What If God Is a Rock?
And who is a rock, except our God?
Those words come down to us through the centuries from a man who knew what it meant to trust God as if his life depended on it—because it did, constantly.
From his youth guarding his father’s sheep against fierce predators, to bloody combat as a warrior in Israel’s military, to life as a fugitive, hounded through the wilderness by a madman and his army, David knew empirically that God upheld him. On into his silver years as Israel’s king, David lived a life marked by conflict and marred by his own sins. Through it all, God was David’s rock—his only rock. His sole stability when the world around him was shaking.
When you think of a David kind of rock, think big. Think of a flinty summit perched high above the surrounding landscape, with a commanding view in every direction. Think of a craggy mountain pitted with caves, like the cave of Adullam, where David and his soldiers hid from Saul’s pursuing army (1 Samuel 22:1). Think of rugged Mount Sinai, or of the Half Dome at Yosemite, or of . . .
Well, what do you think of when you think of a rock?
What words come to mind?
How about enduring. Unchanging. Unmoving. Not merely strong but stronger than. Stronger than what? Everything else. Drive a locomotive into the Half Dome and guess which one will come out the winner.
A rock is dependable, here today as in ages past and not going anywhere in the future. You can count on a rock to be there. That’s the kind of rock God is—the Rock, for you and me just as surely he was for David.
This writing’s opening verse from Psalm 18 says much about God in few words, but it by no means tells all. Many other Psalms resound with David’s joyous praise of his Rock, companied with words such as fortress, high tower, strength, and deliverer that testify to God’s reliability and salvation. For instance:
He only is my rock and my salvation;
He is my defense;
I shall not be moved.
In the time of trouble
He shall hide me in His pavilion;
In the secret place of His tabernacle
He shall hide me;
He shall set me high upon a rock.
And one of my favorites, Psalm 18:2:
The LORD is my rock and my fortress and my deliverer;
My God, my strength, in whom I will trust;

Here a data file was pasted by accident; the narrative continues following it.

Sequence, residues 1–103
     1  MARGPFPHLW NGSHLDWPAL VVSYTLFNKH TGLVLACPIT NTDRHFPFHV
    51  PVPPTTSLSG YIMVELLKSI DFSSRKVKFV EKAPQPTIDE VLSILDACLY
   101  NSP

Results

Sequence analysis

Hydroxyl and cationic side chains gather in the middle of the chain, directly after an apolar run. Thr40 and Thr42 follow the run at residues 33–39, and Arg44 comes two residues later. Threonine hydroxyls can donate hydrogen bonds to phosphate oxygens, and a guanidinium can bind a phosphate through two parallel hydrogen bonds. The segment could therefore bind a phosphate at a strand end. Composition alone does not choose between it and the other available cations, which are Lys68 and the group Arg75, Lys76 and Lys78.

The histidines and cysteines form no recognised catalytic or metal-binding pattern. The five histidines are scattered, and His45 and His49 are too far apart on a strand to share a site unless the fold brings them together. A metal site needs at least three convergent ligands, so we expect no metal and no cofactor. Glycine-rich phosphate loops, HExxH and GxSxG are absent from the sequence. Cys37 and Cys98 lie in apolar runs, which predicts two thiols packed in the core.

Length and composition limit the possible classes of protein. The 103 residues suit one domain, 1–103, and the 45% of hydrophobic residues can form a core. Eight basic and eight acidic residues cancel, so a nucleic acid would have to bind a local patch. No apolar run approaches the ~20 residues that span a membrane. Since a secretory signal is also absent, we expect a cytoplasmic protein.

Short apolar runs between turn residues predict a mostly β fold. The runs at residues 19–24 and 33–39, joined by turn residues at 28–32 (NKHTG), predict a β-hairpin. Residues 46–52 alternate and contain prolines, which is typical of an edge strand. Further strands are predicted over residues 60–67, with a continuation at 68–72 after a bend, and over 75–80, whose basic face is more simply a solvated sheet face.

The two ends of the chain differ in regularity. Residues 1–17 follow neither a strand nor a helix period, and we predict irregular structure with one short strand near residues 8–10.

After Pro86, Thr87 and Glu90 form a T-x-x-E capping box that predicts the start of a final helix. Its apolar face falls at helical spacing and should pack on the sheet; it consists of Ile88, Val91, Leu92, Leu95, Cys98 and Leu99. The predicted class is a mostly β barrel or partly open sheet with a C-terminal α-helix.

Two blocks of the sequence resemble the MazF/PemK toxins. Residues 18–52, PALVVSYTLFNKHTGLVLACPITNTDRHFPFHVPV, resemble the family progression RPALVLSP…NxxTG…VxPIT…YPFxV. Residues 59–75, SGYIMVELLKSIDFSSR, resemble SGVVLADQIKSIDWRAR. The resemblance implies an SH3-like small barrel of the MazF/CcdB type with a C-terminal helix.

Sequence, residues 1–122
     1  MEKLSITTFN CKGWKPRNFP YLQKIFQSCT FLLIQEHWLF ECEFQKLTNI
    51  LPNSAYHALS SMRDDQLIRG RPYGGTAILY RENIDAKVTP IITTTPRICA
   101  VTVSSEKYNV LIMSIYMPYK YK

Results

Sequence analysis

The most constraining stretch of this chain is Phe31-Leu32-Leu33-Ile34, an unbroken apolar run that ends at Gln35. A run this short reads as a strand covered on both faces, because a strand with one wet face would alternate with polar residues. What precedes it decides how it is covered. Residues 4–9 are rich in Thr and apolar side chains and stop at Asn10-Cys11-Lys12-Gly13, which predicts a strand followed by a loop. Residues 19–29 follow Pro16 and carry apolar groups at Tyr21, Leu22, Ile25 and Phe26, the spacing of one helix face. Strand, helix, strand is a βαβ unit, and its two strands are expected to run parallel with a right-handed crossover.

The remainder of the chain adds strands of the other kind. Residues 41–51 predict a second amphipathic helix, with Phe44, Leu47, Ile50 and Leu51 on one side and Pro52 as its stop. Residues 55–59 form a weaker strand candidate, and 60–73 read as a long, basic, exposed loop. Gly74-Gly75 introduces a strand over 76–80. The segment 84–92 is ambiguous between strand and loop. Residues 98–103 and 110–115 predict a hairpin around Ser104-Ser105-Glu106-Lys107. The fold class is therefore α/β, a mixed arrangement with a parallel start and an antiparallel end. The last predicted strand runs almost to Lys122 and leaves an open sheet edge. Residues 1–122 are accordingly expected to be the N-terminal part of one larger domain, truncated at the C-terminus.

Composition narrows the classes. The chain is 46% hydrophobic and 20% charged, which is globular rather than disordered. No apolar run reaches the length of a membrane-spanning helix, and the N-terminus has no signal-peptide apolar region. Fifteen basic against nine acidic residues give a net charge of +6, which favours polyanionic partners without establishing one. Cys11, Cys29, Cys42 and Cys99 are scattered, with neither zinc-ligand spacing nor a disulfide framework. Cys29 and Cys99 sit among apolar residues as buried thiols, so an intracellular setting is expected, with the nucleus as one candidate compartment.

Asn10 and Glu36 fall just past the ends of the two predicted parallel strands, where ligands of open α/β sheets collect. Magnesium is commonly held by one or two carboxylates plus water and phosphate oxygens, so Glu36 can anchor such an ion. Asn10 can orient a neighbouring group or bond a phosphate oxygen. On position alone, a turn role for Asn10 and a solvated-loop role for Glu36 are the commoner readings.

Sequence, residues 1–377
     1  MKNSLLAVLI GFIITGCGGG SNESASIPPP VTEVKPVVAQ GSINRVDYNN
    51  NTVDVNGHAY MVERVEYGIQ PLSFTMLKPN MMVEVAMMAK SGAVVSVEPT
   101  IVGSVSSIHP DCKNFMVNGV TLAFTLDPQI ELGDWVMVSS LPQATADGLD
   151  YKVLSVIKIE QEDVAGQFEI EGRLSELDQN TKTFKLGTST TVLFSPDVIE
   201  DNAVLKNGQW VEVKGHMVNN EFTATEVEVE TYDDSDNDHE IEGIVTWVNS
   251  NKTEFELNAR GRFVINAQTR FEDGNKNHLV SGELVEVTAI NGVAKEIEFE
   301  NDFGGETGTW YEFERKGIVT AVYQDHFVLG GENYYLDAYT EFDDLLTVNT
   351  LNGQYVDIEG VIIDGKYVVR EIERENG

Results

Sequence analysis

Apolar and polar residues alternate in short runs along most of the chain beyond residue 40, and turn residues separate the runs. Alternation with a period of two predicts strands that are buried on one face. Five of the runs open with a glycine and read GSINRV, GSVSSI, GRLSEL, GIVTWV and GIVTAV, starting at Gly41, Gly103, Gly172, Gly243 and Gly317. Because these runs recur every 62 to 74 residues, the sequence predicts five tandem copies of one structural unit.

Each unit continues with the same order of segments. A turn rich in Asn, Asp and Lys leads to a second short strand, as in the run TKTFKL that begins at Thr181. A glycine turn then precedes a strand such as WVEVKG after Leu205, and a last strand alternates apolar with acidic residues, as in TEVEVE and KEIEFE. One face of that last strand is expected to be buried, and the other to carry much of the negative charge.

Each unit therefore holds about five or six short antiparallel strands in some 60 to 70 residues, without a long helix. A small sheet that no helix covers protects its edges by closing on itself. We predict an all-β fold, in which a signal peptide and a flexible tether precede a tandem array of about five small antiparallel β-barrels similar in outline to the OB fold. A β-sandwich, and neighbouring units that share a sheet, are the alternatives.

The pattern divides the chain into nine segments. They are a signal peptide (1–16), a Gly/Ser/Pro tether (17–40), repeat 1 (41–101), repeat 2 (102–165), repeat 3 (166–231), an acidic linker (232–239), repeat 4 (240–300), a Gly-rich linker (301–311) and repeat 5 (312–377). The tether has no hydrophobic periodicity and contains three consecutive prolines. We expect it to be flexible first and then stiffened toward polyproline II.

My shield and the horn of my salvation, my stronghold.
Today, in the midst of a violently shaking world, don’t you long for stable ground to root your life in? Jesus compared those who practice his teachings to a homebuilder who anchored his house on a rock. “The rain descended,” Jesus said, and “the floods came, and the winds blew and beat on that house; and it did not fall, for it was founded on the rock” (Matthew 7:25).
In simple words, he was telling his listeners, “Do what I say and you’ll withstand the worst life can throw at you.”
Does that not smack of audacity? Not when the speaker is the Son of God. Not when his words reflect the enduring character of the Rock. Jesus’s parable is about far more than “Do it because I said.” It is an invitation to align our thinking and our ways with who God is and how he says life works.
Yeah, but . . . cancer. Covid 19. Auto accidents. Divorce. Mental illness. The death of a child. Financial ruin. Homelessness.
Yes, I know. God gave us tear ducts because he knew we’d need them. I’ve used mine plenty, and I’m sure you have too. So did David, and so, for that matter, did Jesus. Faith is not blithe denial of the floods and winds or of pain and sorrow. They’re as real as can be—Jesus wouldn’t have told his parable otherwise. But God is also real, the unseen rock who upholds us when we cleave to him and his ways.
When Moses struck the rock in the wilderness, water gushed forth to slake the thirst of God’s people (see Exodus 17:1–7). God provided. But he did so amid the austerity of the dessert, “that great and terrible wilderness in which were fiery serpents and scorpions and thirsty land where there was no water . . . that He might humble you and that He might test you, to do you good in the end” (Deuteronomy 8:15–16, my emphasis).
That is what we’re to set our vision on: God’s good for us in the end. The Rock on which we build our lives is our surety that when Satan attacks us, when life hits hard, when the millrace beats against the things we love, that our faith, our calling in this world, and our destiny in the next will emerge victorious when the waters subside.
We are not our own sure foundation. We do not stand by our own strength. We are grounded on something—on Someone—far stronger. Like David, we cry,